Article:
Investigations were done into the different modes in which the NVDIMMs can operate and the different options for their usage, e.g. direct access using fsdax and PMDK, distributed file systems, object stores or as an extended memory hierarchy. The prototype was set up in a “mixed” setup, with 1TB in Memory mode and 2TB in App Direct mode – this allows for the most efficient use of the platform overall, enabling the majority of workloads to run with only minor (SLURM supported) reconfiguration of the compute nodes. The performance of the different approaches has been tested and have been reported in the final project deliverables, in particular those from WPs 5, 6 and 7.

3. “Systemware development: the software components that will support the use of the NVDIMM technology by applications, the operating system, and the debugging and performance tools will be developed. This will include I/O libraries, new energy and data aware schedulers, enhancements to programming model libraries, and tools development. The architectural design decisions will be taken using the results of the Exascale I/O investigation and the co-design process. Producing the necessary software to enable Exascale application execution on the hardware platform is therefore a key objective.”

The project developed a systemware stack to support the seamless use of the NVRAM by applications. The SLURM scheduler was extended to be aware of the new memory/storage layer, to be able to schedule complex workflows and to make decisions on resource management that improve the efficiency of the system. A data scheduler was developer to transparently move data to and from the compute nodes. The PyCOMPSs programming model and dataClay object store were both enhanced to work with NVRAM. The profiling and debugging tools were also extended to support performance analysis on the new hardware.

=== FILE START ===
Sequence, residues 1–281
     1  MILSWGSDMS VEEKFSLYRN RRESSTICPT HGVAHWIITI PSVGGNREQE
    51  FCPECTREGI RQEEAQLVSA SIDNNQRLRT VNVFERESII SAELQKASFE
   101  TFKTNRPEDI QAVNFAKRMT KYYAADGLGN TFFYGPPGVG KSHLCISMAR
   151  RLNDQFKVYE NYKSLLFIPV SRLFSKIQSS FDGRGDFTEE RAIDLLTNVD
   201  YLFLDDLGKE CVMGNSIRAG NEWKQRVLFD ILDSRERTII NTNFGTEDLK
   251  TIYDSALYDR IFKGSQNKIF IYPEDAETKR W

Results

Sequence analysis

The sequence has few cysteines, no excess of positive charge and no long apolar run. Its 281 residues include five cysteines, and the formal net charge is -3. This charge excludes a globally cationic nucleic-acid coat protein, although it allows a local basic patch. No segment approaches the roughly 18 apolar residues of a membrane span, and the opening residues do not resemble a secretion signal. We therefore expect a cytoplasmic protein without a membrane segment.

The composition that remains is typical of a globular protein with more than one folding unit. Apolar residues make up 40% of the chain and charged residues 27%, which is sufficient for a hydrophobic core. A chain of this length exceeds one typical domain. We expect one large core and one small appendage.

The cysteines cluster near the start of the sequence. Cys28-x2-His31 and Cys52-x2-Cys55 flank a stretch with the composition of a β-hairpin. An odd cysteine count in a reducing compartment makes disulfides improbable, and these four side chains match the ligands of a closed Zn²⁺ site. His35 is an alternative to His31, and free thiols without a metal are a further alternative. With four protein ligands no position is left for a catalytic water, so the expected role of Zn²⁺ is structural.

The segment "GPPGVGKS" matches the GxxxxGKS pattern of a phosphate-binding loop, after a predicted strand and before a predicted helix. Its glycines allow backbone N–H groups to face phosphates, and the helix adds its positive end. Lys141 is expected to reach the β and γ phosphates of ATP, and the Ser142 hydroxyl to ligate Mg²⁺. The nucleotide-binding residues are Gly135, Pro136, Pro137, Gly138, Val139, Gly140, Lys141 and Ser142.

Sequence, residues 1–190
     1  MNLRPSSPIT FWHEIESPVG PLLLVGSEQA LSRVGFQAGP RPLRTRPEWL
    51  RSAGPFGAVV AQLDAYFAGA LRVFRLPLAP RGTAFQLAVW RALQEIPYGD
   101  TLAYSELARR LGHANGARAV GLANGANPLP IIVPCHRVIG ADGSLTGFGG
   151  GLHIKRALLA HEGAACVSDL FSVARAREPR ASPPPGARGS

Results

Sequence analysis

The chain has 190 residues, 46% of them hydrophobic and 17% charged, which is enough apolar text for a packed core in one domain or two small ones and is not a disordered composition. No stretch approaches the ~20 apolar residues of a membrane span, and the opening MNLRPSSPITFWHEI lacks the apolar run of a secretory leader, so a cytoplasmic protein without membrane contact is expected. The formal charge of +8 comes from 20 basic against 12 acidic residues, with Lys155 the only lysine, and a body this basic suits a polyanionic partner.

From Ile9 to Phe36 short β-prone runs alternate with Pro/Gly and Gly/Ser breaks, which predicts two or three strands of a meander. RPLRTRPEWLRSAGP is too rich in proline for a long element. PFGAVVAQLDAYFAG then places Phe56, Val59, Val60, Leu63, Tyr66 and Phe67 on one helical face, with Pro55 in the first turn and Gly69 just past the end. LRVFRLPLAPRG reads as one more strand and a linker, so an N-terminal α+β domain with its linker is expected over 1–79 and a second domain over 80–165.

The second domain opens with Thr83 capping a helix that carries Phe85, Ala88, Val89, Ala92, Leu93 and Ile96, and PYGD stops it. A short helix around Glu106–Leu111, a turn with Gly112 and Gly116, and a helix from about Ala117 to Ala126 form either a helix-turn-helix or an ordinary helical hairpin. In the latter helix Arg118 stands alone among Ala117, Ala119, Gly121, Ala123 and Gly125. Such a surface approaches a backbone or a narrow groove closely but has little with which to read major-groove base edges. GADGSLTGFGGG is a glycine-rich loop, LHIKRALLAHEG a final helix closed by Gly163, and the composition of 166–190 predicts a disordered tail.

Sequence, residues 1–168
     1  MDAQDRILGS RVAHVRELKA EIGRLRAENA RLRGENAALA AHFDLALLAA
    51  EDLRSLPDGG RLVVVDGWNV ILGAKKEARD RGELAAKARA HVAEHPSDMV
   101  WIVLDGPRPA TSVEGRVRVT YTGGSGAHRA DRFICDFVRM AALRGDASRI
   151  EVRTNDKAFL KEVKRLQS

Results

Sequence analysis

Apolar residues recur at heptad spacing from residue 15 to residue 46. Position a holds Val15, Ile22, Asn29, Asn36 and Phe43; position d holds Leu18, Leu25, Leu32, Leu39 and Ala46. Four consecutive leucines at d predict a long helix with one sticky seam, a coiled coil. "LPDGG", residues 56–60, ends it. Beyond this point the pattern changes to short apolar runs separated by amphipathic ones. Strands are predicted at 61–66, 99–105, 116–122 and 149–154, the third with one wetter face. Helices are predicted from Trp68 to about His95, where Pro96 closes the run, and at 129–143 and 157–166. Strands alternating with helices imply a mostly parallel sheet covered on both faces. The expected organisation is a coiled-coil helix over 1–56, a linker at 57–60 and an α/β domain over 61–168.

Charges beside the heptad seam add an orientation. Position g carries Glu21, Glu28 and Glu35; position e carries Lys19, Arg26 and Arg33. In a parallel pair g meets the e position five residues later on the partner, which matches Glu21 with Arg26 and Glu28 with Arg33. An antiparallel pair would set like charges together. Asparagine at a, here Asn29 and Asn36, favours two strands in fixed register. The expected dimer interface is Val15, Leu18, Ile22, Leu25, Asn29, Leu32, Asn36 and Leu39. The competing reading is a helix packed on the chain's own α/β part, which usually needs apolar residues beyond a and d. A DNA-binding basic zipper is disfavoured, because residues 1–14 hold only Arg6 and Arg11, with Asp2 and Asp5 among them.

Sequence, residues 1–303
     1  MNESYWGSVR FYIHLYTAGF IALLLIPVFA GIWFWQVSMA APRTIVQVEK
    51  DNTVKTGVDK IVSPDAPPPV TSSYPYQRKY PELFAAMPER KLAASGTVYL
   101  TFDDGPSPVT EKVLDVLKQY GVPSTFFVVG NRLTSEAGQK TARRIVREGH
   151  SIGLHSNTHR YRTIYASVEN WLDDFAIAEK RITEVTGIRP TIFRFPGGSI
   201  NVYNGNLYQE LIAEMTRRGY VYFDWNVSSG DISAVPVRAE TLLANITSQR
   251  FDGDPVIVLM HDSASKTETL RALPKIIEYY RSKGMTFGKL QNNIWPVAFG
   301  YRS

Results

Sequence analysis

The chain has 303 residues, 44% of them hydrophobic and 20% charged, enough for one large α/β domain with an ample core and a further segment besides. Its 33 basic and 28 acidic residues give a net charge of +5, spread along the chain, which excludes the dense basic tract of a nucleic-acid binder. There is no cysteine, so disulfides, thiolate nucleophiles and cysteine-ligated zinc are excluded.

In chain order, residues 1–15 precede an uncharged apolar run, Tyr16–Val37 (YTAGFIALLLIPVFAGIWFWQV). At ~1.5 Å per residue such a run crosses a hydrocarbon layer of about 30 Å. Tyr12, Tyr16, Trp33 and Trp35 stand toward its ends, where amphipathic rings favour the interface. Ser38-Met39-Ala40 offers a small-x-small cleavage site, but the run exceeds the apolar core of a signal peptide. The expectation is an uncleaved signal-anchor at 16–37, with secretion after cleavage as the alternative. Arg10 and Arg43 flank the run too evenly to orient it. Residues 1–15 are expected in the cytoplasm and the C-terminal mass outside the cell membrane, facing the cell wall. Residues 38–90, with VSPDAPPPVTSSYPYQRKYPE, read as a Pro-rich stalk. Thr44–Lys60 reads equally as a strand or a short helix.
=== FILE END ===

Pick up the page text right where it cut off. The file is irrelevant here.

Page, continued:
4. “Application co-design: any new I/O platforms need to meet the needs of today’s highly parallel applications as these will be tomorrow’s Exascale applications. Understanding individual applications’ I/O profiles and typical I/O workloads on shared systems running multiple different applications is key to ensuring the decisions we make in hardware design and the I/O models we investigate will be relevant to the real world. The use of co-design to inform these choices is a therefore a key objective of this project.”

Co-design has been a continued strong focus throughput the project, and usage scenarios/usage requirements have driven the architecture specifications for the hardware and the software stack. A key design requirement for the systemware in particular was the need for applications to be able to benefit from the NEXTGenIO platform without requiring any changes to be made to the applications themselves. The development of the Kronos workload generator and simulator helped evaluate the architectures across multiple different workload types and to a large scale. Kronos is able to produce a wide range of synthetic workloads that represent different compute and I/O requirements and execute those with varying configurations in order to assess the impact of NVRAM on performance.

In summary, the NEXTGenIO project has firmly met all the objectives that were set out in the DoA and has exceeded expectations in terms of the overall results achieved in terms of performance and usability.
NEXTGenIO has progressed the state of the art by developing a new computing platform that uses a transformational new non-volatile memory technology to address the I/O challenge faced by HPC and HPDA today. Not only is the project designing and developing the hardware, but it also puts in place the necessary system software for applications to be able to exploit this hardware. One of the key objectives of the project was to discover how the new technology can benefit scientific and data intensive computing, and to support its use as widely as possible.